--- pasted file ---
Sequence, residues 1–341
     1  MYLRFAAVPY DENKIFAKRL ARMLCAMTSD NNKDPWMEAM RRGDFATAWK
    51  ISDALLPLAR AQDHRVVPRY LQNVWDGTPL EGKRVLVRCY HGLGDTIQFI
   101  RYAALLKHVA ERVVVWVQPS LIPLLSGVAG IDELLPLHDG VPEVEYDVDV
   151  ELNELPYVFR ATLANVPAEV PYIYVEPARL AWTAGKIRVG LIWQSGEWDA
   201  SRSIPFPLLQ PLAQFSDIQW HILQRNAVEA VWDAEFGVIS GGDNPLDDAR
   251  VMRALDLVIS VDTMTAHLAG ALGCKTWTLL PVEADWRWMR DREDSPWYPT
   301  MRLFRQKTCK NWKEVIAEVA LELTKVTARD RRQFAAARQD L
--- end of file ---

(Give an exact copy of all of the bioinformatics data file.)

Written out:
Sequence, residues 1–341
     1  MYLRFAAVPY DENKIFAKRL ARMLCAMTSD NNKDPWMEAM RRGDFATAWK
    51  ISDALLPLAR AQDHRVVPRY LQNVWDGTPL EGKRVLVRCY HGLGDTIQFI
   101  RYAALLKHVA ERVVVWVQPS LIPLLSGVAG IDELLPLHDG VPEVEYDVDV
   151  ELNELPYVFR ATLANVPAEV PYIYVEPARL AWTAGKIRVG LIWQSGEWDA
   201  SRSIPFPLLQ PLAQFSDIQW HILQRNAVEA VWDAEFGVIS GGDNPLDDAR
   251  VMRALDLVIS VDTMTAHLAG ALGCKTWTLL PVEADWRWMR DREDSPWYPT
   301  MRLFRQKTCK NWKEVIAEVA LELTKVTARD RRQFAAARQD L